The questions started two or three years ago, when news broke that relations would begin to open with Cuba after more than 50 years of extreme sanctions against the communist government. “So, when are you going to go to Cuba? You know, now that you can.” People were shocked to hear I had yet to book a ticket. My family, staunchly against it, made their feelings very clear. I, on the other hand, felt conflicted. After all, I tell everyone that I am Cuban, and I truly feel like I am. Yet I have never set foot in the place I identify so strongly with.
One day, I sat down with my grandmother, who came to America in 1962 as a refugee, and asked her why she forbade her children (all of whom were born in the states) and grandchildren from going to her home country, despite having said she wants to be buried there when she dies. The answer shook me. She said she would allow us to travel there when Cubans are allowed to travel freely to the United States.
You see, the softening of relations was a one-way street, which gave American citizens access to a curated experience of Cuban life. The vintage cars, the colorful architecture, the sparkling ocean views — all of it shying away from the harsh realities that people living in the dilapidated buildings knew to be true.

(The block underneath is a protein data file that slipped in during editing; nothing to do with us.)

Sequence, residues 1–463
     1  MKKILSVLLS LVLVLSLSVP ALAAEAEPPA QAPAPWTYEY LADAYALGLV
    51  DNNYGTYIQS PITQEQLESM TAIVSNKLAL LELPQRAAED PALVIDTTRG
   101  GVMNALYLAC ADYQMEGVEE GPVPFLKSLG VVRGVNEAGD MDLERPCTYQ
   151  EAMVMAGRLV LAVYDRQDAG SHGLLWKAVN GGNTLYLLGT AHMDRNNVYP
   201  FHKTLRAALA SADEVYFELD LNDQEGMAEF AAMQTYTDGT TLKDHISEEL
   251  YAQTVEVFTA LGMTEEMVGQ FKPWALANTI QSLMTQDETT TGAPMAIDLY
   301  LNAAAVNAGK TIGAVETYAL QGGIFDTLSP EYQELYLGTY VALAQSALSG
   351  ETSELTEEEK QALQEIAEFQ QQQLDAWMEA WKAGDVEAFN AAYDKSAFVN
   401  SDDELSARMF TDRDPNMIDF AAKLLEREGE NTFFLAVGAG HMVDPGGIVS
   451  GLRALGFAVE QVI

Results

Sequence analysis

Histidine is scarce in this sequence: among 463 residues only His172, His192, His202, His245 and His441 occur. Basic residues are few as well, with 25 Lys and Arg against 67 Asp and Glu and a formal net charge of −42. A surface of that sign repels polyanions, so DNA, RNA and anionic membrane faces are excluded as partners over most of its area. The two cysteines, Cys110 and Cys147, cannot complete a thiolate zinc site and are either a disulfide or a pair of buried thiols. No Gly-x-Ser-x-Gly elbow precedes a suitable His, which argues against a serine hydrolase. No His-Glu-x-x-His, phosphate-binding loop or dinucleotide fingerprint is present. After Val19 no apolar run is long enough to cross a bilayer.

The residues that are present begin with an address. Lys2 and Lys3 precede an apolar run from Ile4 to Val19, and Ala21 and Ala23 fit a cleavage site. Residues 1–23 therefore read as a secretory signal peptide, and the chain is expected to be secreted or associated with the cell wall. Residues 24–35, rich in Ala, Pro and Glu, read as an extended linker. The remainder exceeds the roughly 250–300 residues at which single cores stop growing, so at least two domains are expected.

All of my family on my mother’s side lives in the states; my paternal grandparents, however, travel to Cuba frequently to visit family I’ve never met. For this reason, I understand why they would welcome the change, making it easier for them to enter the island despite essentially risking their American citizenship the moment they step onto Cuban soil. My quandary deepens with those top-of-the-line cruises departing every weekend from Fort Lauderdale. The photos and stories people return with — of tropical greenery and an infectious spirit — just don’t match up with the memories shared by family who has recently arrived.
45004046 It is advertised as a hidden paradise, but I can only think of the lost land where even hospitals aren’t provided with basic sanitary means. Unfortunately, my tourism dollars will not raise the standard of living (as perhaps in other popular Caribbean vacation destinations) due to the centralized government. While the Cuban people do not want my pity and make the best of their situation, I will not fund the government who put them in that situation in the first place.
When I am met with shock that I do not want to visit Cuba, I give the same answer every time: I’ve seen what Cuba has to offer in Miami, where all the exiles rebuilt the beautiful culture that once lived on the island. I feel connected to mi gente through Saturdays spent in Domino Park with my grandfather, having a pastelito and cafecito after church at Versailles Bakery, and wearing the official garment of the Cuban people: the guayabera. Companies that were founded in Havana are now headquartered in Miami, such as the greatest beverage known to man, Ironbeer. The language, its slang, and its culture has evolved in Miami. The South Florida town was co-opted by an exiled community who found each other and built a city for their children and grandchildren where Cuban culture would never die. My grandparents sacrificed so much for my freedom, so I will honor them by keeping my promise and holding my breath until Cubans can breathe easy once again.